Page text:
Authors: Lipari, Lisbeth.
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Queering the Borders: Hansberry’s Letters to The Ladder, 2
will read the letters in their historical context as well as in relation to a number of her key texts that cross
a range of genres including plays, political speeches, letters and essays. My aim is to deepen our
understanding of Hansberry’s rhetorical vision and her commitments to social and political
transformation. The object of this paper is thus not to investigate Hansberry’s “private” self in search of
her “true” sexual identity. Rather, I follow the path of cultural and queer studies that view identities as,
in Stuart Hall’s phrase, “necessary fictions.” As Bravmann describes it, identities are seen as “temporary
but compelling fabrications that are remade through the actively inventive projects of political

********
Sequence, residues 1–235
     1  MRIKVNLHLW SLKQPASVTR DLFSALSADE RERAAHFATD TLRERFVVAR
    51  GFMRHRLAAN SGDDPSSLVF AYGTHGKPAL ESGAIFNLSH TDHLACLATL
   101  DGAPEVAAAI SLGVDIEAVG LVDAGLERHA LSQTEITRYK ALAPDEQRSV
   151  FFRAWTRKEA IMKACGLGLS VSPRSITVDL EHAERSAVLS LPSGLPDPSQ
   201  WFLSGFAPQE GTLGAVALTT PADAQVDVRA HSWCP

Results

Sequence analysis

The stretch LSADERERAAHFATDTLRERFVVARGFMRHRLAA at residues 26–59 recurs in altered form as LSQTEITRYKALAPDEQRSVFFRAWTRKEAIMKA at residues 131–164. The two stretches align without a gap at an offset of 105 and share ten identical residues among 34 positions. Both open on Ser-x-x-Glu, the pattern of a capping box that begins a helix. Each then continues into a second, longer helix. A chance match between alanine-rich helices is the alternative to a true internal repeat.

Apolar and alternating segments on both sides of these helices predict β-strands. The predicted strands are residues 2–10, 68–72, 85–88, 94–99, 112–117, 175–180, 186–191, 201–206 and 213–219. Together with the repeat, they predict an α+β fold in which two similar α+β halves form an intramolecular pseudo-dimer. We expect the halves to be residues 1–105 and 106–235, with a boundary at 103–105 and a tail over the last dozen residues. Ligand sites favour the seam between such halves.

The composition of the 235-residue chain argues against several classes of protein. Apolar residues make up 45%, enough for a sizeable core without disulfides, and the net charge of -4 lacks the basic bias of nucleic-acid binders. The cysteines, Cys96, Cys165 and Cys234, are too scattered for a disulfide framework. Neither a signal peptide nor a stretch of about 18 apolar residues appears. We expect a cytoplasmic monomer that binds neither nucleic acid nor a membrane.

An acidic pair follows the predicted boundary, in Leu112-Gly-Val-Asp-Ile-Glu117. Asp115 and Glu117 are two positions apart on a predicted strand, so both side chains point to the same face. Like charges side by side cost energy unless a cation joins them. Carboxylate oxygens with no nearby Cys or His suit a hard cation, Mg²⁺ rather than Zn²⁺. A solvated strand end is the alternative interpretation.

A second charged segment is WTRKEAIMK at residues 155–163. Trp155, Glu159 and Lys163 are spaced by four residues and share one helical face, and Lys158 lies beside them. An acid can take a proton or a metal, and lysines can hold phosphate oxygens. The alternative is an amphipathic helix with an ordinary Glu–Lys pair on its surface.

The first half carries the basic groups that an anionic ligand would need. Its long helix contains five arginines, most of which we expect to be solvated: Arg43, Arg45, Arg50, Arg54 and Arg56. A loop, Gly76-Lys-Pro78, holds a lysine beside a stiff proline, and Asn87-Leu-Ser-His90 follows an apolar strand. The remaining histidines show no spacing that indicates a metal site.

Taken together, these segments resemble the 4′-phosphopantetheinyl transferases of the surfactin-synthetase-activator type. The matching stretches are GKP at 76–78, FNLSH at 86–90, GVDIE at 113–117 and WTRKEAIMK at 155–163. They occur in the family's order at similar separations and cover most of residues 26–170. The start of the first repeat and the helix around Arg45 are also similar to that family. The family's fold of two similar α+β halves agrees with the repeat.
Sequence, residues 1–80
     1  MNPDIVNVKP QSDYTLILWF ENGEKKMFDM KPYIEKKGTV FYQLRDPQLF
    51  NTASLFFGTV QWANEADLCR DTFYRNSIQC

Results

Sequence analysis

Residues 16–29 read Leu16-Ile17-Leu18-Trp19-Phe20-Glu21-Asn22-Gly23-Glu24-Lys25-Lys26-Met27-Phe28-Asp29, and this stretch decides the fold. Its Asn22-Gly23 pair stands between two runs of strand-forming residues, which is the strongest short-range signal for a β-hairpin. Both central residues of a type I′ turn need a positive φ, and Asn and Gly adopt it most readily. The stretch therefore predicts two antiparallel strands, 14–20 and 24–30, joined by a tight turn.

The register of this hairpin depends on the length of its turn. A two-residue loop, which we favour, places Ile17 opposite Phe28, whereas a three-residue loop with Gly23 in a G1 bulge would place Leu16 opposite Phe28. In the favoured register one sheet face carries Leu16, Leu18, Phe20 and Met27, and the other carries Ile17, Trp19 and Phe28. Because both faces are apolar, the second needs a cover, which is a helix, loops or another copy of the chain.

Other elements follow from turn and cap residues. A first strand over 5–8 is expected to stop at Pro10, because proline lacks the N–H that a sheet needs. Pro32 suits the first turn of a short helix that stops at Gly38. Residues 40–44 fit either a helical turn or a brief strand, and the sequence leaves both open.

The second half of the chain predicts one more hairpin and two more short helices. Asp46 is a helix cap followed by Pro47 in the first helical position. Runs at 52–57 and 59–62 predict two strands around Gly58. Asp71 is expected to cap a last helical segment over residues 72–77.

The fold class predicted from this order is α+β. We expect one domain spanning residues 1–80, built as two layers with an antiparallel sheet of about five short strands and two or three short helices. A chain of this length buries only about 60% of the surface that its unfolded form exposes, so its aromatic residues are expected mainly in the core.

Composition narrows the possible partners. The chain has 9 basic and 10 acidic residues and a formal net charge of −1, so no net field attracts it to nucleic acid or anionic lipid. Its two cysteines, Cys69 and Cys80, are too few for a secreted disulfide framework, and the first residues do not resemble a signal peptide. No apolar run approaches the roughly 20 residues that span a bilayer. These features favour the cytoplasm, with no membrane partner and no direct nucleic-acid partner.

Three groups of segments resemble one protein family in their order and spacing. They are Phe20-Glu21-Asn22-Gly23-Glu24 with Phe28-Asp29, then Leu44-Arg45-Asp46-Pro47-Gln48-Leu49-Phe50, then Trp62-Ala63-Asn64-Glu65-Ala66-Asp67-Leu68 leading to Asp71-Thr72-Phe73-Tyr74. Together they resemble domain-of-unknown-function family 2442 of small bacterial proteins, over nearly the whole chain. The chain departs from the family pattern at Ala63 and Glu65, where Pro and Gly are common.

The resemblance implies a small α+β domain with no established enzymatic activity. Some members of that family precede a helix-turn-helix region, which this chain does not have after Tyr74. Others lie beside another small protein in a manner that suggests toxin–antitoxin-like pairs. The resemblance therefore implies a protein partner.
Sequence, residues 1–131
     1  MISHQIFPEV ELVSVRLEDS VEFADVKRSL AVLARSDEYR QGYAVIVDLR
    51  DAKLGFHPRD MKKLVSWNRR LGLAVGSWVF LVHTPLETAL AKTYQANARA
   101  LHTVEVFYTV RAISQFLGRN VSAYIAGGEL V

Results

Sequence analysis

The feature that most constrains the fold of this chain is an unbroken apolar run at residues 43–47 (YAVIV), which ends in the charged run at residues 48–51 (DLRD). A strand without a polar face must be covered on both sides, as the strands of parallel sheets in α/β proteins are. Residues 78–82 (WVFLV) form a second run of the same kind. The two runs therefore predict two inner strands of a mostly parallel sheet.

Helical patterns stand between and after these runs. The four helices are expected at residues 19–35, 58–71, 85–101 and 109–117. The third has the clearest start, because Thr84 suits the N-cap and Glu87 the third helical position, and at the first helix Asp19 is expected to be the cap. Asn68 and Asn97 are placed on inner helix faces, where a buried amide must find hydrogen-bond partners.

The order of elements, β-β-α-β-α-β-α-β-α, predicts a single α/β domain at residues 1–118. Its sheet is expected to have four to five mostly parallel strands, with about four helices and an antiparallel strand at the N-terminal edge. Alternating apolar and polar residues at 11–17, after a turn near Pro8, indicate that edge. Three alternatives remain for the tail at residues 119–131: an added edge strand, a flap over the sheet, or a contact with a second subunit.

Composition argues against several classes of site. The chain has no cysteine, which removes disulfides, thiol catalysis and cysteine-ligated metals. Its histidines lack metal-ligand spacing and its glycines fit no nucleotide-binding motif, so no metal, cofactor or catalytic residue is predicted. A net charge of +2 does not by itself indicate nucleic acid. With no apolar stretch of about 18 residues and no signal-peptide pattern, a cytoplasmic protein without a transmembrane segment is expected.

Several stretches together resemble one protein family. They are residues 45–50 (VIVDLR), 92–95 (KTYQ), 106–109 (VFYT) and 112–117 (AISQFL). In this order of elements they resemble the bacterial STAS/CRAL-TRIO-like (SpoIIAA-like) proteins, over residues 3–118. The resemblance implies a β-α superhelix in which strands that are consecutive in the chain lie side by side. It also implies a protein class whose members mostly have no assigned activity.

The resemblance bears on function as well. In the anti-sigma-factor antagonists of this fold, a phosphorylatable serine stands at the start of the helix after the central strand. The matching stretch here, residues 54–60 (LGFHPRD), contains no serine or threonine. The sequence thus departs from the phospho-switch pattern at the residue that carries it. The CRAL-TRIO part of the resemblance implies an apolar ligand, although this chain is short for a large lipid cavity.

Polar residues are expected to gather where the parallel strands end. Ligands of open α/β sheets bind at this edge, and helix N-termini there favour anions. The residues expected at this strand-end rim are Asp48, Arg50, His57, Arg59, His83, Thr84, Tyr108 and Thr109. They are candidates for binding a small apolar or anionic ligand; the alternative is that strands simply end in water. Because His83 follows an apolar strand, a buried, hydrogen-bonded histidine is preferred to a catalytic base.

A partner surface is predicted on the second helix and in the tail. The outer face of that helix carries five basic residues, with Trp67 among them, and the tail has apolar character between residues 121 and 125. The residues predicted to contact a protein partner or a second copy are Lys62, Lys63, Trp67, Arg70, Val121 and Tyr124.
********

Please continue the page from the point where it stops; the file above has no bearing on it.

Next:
mobilization and social movements, rather than as antecedent, immutable, essential truths.”
6
My
argument, however, is not that Hansberry or her sexual life did not exist – history is, lives happen. The
heavily occluded historical record suggests that Hansberry did articulate and theorize lesbian experience
and that she had women lovers.
7
But rather than undergo a search for evidence of Hansberry’s personal
identity, I will instead explore Hansberry’s publicly constructed rhetorical voice for its articulations of
counter-hegemonic perspectives on sexuality, race, gender, and class. For in spite of her decision to stay
closeted throughout her short life, Hansberry nevertheless articulated a vital lesbian political ethos.
8